When the Arizona Coyotes acquired Phil Kessel from the Pittsburgh Penguins back in August (for forward Alex Galchenyuk and defense prospect Pierre-Olivier Joseph) it gave them the type of player the organization had been lacking for years: a bonafide star forward, and one that was capable of scoring at a level that no Coyotes player had reached in close to a decade.
For a team that was just a couple of games away from the playoffs a season ago — despite an absurd season-long run of injuries that consistently decimated the roster — it was the type of move that could not only generate excitement within the fan base (it did, and they have the season ticket sales to prove it), but also give the team the last extra push it needed to get over the hump and end what is currently a seven-year playoff drought.
With Kessel set to make his first visit to Pittsburgh since the trade on Friday night, the Coyotes have put themselves in a great position to end that drought, sitting on top of the Pacific Division after 30 games thanks to their 3-1 win over the Philadelphia Flyers on Thursday.
What is perhaps most surprising about their current spot in the standings is they have done it while getting minimal offensive impact from Kessel, even with his two-goal effort in Thursday’s win.
The early numbers are kind of staggering given the high bar Kessel has set for himself over the years offensively.
- His six goals are his fewest through 30 games since his rookie year in 2006-07 (five goals).
- He has been held without a goal in 26 of the team’s first 30 games.
- He has just one even-strength goal on the season, with the other five coming on the power play (including both goals on Thursday — one of which was also an empty-net goal).
- He is on pace for just 16 goals over 82 games. If he does not improve on that it would be his lowest total since his rookie year (11) and the first time since 2007-08 (his second year in the league when he missed 10 games) he did not top 20 goals in a season.
Some decline in his overall production should have been expected.
Not only because he is another year older (32) and another year away from his prime, but because he went from playing on a veteran, star-laden roster in Pittsburgh that plays one of the most up-tempo styles in the league, to a young Arizona team that, while talented, does not have Sidney Crosby or Evgeni Malkin in the middle of its lineup.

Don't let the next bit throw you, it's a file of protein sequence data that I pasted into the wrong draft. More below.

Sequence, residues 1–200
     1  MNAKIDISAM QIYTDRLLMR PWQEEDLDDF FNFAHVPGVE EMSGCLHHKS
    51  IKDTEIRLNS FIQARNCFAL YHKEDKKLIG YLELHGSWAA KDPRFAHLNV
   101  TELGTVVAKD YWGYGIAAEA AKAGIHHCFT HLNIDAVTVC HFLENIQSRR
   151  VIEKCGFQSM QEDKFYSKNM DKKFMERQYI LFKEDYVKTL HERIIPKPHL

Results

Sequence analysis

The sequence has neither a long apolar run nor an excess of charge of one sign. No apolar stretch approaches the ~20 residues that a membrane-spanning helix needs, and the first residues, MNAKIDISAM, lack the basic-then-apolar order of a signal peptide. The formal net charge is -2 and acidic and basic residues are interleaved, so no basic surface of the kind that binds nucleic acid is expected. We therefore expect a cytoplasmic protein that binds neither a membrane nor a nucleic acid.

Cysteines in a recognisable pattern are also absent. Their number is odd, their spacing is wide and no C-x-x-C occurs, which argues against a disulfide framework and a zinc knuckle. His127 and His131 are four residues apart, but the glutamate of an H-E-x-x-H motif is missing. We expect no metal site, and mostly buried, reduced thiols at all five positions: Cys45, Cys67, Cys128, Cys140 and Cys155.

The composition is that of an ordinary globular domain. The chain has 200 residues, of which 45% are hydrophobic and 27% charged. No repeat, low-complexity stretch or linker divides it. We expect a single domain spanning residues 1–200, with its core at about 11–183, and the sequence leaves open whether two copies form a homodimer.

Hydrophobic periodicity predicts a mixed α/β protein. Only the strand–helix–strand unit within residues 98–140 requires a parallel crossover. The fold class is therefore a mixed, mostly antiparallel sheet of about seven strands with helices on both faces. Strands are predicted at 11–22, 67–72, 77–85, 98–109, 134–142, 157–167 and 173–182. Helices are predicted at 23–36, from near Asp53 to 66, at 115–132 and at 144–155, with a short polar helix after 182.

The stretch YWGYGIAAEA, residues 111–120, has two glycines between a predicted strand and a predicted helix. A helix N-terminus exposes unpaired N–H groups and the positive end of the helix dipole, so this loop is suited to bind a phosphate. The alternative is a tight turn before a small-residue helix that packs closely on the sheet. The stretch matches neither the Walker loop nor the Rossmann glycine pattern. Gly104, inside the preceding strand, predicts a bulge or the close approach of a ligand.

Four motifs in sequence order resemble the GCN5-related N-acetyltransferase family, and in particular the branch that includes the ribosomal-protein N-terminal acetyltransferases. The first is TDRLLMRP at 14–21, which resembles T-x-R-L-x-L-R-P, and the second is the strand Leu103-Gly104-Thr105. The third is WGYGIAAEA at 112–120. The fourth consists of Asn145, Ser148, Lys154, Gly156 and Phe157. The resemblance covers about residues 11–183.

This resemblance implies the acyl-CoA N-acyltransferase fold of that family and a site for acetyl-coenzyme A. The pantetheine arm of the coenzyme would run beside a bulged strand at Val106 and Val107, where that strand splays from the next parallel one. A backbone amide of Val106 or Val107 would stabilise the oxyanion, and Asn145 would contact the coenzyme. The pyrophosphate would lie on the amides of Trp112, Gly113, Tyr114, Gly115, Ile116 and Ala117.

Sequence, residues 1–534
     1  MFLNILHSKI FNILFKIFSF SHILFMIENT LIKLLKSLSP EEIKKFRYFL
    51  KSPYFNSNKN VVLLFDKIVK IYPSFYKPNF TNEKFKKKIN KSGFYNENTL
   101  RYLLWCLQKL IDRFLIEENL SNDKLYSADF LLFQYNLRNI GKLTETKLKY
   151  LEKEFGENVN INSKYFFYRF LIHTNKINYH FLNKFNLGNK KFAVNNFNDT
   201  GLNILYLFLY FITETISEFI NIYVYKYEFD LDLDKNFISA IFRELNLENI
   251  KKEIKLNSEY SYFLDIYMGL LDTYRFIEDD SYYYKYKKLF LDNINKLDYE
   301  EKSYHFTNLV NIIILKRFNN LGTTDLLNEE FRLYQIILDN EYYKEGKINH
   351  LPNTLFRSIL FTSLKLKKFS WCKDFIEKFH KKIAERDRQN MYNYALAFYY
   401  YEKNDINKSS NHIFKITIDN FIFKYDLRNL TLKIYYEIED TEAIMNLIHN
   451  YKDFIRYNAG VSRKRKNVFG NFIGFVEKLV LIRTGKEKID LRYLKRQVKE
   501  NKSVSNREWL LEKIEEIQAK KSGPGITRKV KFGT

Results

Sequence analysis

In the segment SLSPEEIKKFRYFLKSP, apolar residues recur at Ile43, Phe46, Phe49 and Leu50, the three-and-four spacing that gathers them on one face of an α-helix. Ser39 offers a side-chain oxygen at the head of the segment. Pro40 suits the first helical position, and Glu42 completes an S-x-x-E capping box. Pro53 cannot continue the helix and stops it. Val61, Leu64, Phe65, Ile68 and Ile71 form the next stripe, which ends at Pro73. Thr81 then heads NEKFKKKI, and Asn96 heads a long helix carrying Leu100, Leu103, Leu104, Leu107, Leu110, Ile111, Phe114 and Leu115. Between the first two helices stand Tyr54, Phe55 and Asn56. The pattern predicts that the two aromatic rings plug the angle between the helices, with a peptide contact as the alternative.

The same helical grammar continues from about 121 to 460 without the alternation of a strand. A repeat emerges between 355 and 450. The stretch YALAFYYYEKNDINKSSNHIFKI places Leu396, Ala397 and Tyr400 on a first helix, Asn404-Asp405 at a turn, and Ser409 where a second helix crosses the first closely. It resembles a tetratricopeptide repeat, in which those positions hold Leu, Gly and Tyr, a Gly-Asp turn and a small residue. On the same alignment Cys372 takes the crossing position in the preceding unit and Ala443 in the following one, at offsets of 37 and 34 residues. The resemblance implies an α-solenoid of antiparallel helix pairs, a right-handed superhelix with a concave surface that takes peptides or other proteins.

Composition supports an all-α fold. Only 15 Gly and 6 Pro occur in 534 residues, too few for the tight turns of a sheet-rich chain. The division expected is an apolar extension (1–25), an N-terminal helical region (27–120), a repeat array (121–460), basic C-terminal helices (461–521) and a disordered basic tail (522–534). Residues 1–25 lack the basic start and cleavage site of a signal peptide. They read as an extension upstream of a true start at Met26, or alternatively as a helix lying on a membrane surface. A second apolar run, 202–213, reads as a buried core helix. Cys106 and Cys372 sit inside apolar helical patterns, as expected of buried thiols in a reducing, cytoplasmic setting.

Even with all of that in mind this is still a pretty significant drop across the board, but it does not mean all hope is lost for him this season. Like any elite goal scorer Kessel can be notoriously streaky and score goals in bunches (this is not a knock on Kessel; it’s a reality for all players across the league), and it’s also not the first time he’s started a year slow. In his first year with the Penguins back in 2015-16 he had just nine goals through 30 games before getting hot in the second half, then catching fire in the playoffs on the way to the first of back-to-back Stanley Cups.
While Kessel has not exactly lit the world on fire for the Coyotes, the trade has not exactly been a rousing success for the Penguins.
For all of Kessel’s flaws as a player, the Penguins absolutely miss his presence on a power play unit that been mostly dysfunctional this season. A lot of their power play the past few years ran through him, from his ability to gain entry into the zone (a problem for the Penguins this year), to his playmaking, to his ability to finish. Even with all of his struggles in Arizona offensively his five power play goals are more than any player on the Penguins.
They also have not received anything close to what they hoped they would from Alex Galchenyuk, which is starting to become a pretty big issue. He has just two goals through his first 20 games and has mostly been relegated to fourth-line duty. Even with the Penguins missing several regulars in their lineup he has not topped the 10-minute mark in three of the team’s past four games, while general manager Jim Rutherford on Thursday (via The Athletic’s Josh Yohe) that Galchenyuk is not a lock to remain in the lineup when everyone is back. Galchenyuk always seemed like a one-and-done player in Pittsburgh from the very beginning — Joseph is the key long-term piece — but they probably expected more than this.
The funny thing about all of this is the trade has not really done much for either team through the first quarter of the season, but both teams have still managed to put themselves on solid ground.
The Coyotes are healthy and in first place and still have the hope that a Kessel goal-binge is lurking somewhere in the not-too-distant future.
The Penguins are overcoming their injury issues, playing the way they want to play, and finding ways to collect points while they wait for their regulars to return.
Adam Gretz is a writer for Pro Hockey Talk on NBC Sports. Drop him a line at firstname.lastname@example.org or follow him on Twitter @AGretz.